Shortlisted: The Colorado Attorney General Identifies Three Potential Universal Opt-Out Mechanisms for Upcoming CPA Opt-Out Requirement

The Colorado Privacy Act may have taken effect earlier this year, but that doesn’t mean all companies that do business in Colorado and fall within the scope of the law can take it easy just yet. Rather, for those companies that process personal data for purposes of targeted advertising or that sell personal data, an important requirement of the CPA is still to come: under C.R.S. § 6-1-1306(1)(a)(IV)(B), controllers subject to the CPA will, as of July 1, 2024, be required to comply with Colorado consumers’ requests to opt out of the processing of their personal data for targeted advertising or to opt out of the sale of personal data that are delivered passively through any “user-selected universal opt-out mechanism that meets the technical specifications established by the attorney general.”

Rules 5.06 and 5.07 of the Colorado Privacy Act Rules in turn establish technical specifications and minimum standards for these mechanisms, and provide that the Attorney General’s office will maintain a public list of the mechanisms that meet them.

On November 21, 2023, the Colorado Attorney General published a Universal Opt-Out Shortlist identifying three potential universal opt-out mechanisms that the Attorney General may formally recognize, including the Global Privacy Control, the OptOutCode, and the Opt-Out Machine, and seeking public comments on each of the mechanisms.

This post offers a refresh of the opt-out rights granted to consumers under the CPA and the methods by which consumers may exercise those rights, then discusses the three proposed universal opt-out mechanisms put forth by the Colorado Attorney General for public comment.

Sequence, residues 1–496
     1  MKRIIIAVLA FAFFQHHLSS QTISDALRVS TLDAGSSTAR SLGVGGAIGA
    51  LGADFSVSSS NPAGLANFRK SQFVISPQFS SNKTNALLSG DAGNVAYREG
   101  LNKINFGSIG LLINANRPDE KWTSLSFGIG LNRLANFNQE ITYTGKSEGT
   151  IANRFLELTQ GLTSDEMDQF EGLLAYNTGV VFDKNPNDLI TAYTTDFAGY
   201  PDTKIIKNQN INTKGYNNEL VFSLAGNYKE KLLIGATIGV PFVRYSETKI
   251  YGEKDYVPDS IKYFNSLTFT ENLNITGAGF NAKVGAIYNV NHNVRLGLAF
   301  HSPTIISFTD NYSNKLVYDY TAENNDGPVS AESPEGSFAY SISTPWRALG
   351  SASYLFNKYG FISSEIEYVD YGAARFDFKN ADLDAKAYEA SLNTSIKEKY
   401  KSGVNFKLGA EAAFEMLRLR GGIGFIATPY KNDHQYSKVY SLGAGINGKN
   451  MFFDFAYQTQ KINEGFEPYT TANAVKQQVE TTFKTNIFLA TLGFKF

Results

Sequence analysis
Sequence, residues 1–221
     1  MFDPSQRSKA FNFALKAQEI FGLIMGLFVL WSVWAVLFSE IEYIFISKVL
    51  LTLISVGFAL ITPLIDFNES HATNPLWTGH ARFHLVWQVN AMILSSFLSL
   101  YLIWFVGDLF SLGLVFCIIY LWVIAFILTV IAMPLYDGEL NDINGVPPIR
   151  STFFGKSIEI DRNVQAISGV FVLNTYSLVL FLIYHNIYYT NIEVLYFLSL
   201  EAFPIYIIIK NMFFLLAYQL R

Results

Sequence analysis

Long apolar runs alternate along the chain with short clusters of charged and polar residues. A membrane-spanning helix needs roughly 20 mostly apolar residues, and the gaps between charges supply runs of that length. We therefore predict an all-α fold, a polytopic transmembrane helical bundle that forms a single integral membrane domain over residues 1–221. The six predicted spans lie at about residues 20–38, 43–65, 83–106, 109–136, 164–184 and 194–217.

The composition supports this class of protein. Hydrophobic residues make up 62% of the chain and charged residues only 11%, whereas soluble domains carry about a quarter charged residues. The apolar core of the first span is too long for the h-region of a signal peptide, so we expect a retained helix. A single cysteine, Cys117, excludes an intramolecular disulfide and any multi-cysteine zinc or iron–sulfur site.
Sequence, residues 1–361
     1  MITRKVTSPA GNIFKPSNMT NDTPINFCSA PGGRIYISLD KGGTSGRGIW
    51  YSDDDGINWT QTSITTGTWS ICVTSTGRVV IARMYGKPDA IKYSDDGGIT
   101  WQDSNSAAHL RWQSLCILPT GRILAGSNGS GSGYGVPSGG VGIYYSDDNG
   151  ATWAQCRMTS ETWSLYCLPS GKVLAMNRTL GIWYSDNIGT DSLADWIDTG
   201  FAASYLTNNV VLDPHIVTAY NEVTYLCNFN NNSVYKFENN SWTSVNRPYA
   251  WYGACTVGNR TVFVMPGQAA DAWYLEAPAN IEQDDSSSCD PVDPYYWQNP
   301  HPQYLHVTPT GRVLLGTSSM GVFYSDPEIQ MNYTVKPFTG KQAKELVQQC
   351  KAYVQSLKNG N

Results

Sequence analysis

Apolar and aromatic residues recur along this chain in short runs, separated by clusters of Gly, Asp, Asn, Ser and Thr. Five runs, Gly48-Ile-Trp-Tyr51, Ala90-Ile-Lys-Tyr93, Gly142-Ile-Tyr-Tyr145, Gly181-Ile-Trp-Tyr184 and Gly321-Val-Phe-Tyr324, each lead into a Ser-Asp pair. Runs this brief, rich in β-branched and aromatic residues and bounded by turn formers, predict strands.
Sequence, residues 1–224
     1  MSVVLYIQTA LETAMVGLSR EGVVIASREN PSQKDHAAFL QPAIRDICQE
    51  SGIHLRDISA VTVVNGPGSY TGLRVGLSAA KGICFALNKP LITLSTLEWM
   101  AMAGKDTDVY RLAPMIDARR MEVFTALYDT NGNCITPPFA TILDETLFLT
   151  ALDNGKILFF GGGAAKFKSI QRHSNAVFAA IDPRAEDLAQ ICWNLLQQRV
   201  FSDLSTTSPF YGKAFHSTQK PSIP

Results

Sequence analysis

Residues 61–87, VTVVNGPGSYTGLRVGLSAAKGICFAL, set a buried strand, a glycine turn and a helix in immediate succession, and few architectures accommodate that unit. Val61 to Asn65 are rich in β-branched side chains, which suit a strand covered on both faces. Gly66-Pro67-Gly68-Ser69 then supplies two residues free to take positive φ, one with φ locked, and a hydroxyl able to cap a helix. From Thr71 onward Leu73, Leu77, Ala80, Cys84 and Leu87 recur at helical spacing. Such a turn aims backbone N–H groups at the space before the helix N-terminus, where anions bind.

The CPA’s Opt-Out Rights: Active vs. Passive Requests

Among other consumer rights, the CPA grants Colorado consumers the right to opt out of the processing of their personal data for “targeted advertising” and to opt out of the sale of their personal data.

The CPA contemplates that consumers may exercise these rights in one of two ways—actively or passively. The “active” method involves the controller offering a “clear and conspicuous method” that the consumer must actively select to communicate their opt-out choice.

The passive opt-out method, by contrast, involves the consumer passively sending and the controller automatically recognizing, standardized signals, sent via a browser or extension, that alert the controller that the consumer visiting its website prefers to opt out of the processing of their personal data for targeted advertising or the sale of their personal data. These signals are known as universal opt-out mechanisms. To be capable of responding to a universal opt-out mechanism, a controller’s website must be configured to detect and react to the preferences conveyed by the mechanism. As explained by Rule 5.02(B) of the Colorado Privacy Act Rules, the purpose of a universal opt-out mechanism is “to provide Consumers with a simple and easy-to-use method by which Consumers can automatically exercise their opt-out rights with all Controllers they interact with without having to make individualized requests with each Controller.”

As currently enacted, the CPA only requires controllers to offer an “active” opt-out method and to fulfill opt-out requests received through that method. The law allows, but does not require, controllers to respect passive opt-out requests sent through a universal opt-out mechanism. To the extent a controller decides to respond to such an opt-out, however, the onus is on the controller to determine whether the opt-out signal being transmitted to its website meets the technical specification requirements and to then configure its website to respond.

Upcoming Changes for Controllers

Under the express terms of the CPA, as of July 1, 2024, the opt-out requirements for controllers will change such that all controllers subject to the CPA will be required to comply with opt-out requests delivered passively through universal opt-out mechanisms that have been recognized to meet the Attorney General’s standards.